Hubbard Street Dance Chicago Spring Series Review — Inventive Israeli Choreographers Underscore Hubbard Street’s Strengths

Dance vegans — those who limit themselves to a strict dance diet, sans gravy — may want to skip Hubbard Street Dance Chicago’s Spring Series. It is full of meat, making it one of the most satisfyingly eclectic meals the contemporary dance company has served up lately.

 

The Spring Series is served in two tasty courses, both concocted by Israeli choreographers who shuffle pieces of past work to create something new. First comes “Three to Max,” a new work created for HSDC by Ohad Naharin, who has served as artistic director of the acclaimed Tel Aviv-based Batsheva Dance Company since 1990. Next up is the world premiere of “Too Beaucoup,” by Batsheva’s associate artistic director and house choreographer, Sharon Eyal, and Gaï Behar.

Ohad Naharin's "Three to Max"


“Three to Max,” a collage of several of Naharin’s previous creations, moves to an eclectic musical mashup that ranges from J.S. Bach’s “The Goldberg Variations,” as performed by Glenn Gould, to the Beach Boys’ “You’re Welcome.” Added to the mix are pieces from ambient music pioneer  Brian Eno , Indian singer songwriter Luck Ali, Japanese indie artist Rayon, the British electronic group Seefeel and Maxim Warrat, a.k.a. Naharin wearing his composer’s hat. A central section includes counting aloud, with numbers shouted out in an indecipherable language, a dancer’s Esperanto.


In their earth-toned tanks and tees and capri jeggings the dancers look like weekenders anywhere. But the troupe’s ability to move as a single organism turns the dancers into something more than human, something more like extraordinarily graceful extraterrestrials. Each of the dancers toes Hubbard Street’s extremely fine technical line: Jesse Bechard, Christian Broomhall, Jacqueline Burnett, Alejandro Cerrudo, Meredith Dincolo, Kellie Epperheimer, Jonathan Fredrickson, Jaura Halm, Jason Hortin, Ana Lopez, Pablo Piantino, Penny Saunders, Kevin Shannon, Jessica Tong, Benjamin Wardell and Robyn Mineko Williams. Even in such a talented ensemble, Tong and Wardel stood out in “Three to Max.”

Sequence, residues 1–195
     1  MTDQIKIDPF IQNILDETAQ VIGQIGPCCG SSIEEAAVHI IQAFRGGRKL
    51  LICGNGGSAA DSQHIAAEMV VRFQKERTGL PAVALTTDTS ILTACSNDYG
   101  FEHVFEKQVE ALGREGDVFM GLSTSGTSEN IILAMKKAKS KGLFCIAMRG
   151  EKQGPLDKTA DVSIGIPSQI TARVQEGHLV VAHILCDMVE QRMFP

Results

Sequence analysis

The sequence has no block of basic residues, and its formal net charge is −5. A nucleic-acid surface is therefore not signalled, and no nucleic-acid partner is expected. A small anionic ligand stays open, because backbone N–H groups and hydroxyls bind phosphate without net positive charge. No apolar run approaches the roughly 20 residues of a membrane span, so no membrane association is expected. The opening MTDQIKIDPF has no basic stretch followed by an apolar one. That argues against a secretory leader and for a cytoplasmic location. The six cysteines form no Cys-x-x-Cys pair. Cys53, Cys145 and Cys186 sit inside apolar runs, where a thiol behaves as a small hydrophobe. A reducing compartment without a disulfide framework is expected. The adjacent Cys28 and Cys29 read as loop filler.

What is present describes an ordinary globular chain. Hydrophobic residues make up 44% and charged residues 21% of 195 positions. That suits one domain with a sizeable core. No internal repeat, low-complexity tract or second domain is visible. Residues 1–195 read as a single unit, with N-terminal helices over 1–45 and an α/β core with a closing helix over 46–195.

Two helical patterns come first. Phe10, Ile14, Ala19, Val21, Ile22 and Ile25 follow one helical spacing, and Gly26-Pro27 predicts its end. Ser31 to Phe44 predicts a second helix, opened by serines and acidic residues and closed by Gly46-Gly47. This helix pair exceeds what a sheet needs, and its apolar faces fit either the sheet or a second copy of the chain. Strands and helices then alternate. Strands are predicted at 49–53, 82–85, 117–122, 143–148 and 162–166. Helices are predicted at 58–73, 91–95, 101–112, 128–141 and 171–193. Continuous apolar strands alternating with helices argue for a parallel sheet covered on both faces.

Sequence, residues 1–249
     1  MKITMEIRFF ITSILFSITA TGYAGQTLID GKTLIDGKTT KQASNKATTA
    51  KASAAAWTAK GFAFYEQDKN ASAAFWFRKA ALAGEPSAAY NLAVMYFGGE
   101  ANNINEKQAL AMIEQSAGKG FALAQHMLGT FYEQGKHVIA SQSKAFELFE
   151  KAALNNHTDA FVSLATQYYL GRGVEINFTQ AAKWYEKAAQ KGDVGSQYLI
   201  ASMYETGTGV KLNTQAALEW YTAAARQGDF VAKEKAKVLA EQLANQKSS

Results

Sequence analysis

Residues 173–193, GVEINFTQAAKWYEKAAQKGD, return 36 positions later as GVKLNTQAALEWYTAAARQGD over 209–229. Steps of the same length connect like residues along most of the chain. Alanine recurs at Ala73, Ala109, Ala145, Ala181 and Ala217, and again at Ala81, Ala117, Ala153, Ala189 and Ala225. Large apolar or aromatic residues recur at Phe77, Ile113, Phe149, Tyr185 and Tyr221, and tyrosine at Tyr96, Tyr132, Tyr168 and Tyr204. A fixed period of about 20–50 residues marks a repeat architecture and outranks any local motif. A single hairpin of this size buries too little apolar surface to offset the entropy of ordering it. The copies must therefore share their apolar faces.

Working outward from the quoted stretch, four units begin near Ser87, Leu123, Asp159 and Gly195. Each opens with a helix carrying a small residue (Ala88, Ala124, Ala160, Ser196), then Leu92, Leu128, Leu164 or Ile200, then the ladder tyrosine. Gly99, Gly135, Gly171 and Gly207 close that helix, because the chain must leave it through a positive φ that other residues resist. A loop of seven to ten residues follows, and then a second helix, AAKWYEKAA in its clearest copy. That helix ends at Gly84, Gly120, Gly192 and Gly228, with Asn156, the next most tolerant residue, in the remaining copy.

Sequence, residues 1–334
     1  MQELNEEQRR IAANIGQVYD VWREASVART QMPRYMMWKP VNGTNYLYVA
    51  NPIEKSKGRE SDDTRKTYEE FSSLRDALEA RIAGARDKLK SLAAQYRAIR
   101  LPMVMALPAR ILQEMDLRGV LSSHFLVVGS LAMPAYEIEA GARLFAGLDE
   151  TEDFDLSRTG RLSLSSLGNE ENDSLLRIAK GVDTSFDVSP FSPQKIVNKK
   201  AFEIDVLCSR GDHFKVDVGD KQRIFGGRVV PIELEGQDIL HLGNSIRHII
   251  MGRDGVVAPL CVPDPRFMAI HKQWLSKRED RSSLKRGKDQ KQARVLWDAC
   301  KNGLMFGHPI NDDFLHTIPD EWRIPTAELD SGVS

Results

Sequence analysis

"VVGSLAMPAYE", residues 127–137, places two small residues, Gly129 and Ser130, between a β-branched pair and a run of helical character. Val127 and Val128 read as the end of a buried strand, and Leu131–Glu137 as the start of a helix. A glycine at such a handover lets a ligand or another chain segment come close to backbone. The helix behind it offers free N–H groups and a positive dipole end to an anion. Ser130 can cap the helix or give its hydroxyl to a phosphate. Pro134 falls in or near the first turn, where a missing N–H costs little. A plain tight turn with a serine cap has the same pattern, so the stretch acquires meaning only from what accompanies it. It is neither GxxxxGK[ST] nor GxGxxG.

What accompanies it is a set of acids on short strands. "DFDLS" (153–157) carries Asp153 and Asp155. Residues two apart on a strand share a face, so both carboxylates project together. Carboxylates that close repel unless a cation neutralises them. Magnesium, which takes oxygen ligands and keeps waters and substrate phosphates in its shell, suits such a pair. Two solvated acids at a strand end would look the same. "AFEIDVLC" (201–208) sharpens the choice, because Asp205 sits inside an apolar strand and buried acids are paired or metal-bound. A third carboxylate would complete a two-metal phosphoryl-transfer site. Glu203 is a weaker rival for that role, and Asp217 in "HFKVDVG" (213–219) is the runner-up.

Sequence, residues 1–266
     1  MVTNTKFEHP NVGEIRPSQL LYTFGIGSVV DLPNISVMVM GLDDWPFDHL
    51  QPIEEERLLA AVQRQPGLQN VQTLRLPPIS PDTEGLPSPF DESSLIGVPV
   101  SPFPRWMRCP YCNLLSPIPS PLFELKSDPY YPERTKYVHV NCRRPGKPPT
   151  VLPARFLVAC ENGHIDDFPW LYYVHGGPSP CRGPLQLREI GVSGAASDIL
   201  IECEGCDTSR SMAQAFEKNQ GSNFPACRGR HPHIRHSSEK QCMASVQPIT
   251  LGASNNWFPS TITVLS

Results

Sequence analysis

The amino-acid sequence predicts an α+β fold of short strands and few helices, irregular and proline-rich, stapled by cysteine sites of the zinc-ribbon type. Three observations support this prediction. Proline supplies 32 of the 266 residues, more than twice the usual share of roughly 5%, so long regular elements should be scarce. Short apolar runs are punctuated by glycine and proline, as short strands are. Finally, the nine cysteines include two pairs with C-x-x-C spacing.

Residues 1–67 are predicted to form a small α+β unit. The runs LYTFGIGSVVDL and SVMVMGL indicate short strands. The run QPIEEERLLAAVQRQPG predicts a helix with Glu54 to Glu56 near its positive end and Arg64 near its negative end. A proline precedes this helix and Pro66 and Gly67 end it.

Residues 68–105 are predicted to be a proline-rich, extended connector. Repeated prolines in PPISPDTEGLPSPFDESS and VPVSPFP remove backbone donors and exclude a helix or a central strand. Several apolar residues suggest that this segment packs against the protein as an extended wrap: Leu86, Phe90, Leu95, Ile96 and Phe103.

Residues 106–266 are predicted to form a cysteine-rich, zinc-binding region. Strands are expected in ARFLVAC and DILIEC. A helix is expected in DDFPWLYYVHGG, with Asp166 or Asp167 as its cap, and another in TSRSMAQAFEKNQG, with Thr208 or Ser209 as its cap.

Sharon Eyal's "Too Beaucoup"

Naharin’s choreography is at once distinctive and surprising. He engages the audience with a progression of movements that would be impossible to predict and yet equally impossible to imagine differently. “Three to Max” begins with the slow pantomime of a male dancer whose movements are then echoed by a female dancer as if she were learning a new language. From there the male dancers command the stage with a rhythmic jig, followed by seated female dancers who rotate their hips like waves on the seashore. Later the dancers take turns lifting their shirts and doing some modified mooning — modestly exposing their flesh, reminding the audience that they are human, not dancing machines.

Penny Saunders and Pablo Piantino in "Three to Max"

Conversely, in “Too Beaucoup” (“Too Too Much,” entitled with intentional redundancy), the dancers, clad in flesh-toned unitards, whitish contact lenses and wigs, appear like statues, metaphorically stripped of their humanity. But the costuming — by choreographers Eyal and Behar — eventually allows the individuality of the dancers to emerge. Eyal, a protégée of Naharin, draws obvious inspiration from him but also follows her own muses. One of the most striking differences in their work as seen in “Too Beaucoup” is that Eyal and Behar allow the usually synchronous Hubbard Street dancers to break out of the mold in subtle ways, perhaps with an individual dancer a half-beat away from the others.

 

Benjamin Wardell and Anna Lopez in "Too Beaucoup"

Individuality pops out in the piece’s musical mix as well, with contributors too numerous to name, bits and pieces of everything from Vicious Pink to Cole Porter. The dramatic lighting design by Avi Yona Bueno transforms the stage from deep to shallow in an instant, animating the unitard-clad dancers into a bas relief from a Greek frieze.

 

Both “Three to Max” and “Too Beaucoup” leave the audience feeling pleasantly full.


Photos by Todd Rosenberg.


Hubbard Street Dance Chicago Spring Series at the Harris Theater in Millennium Park, March 17–20.

 

 

 

 

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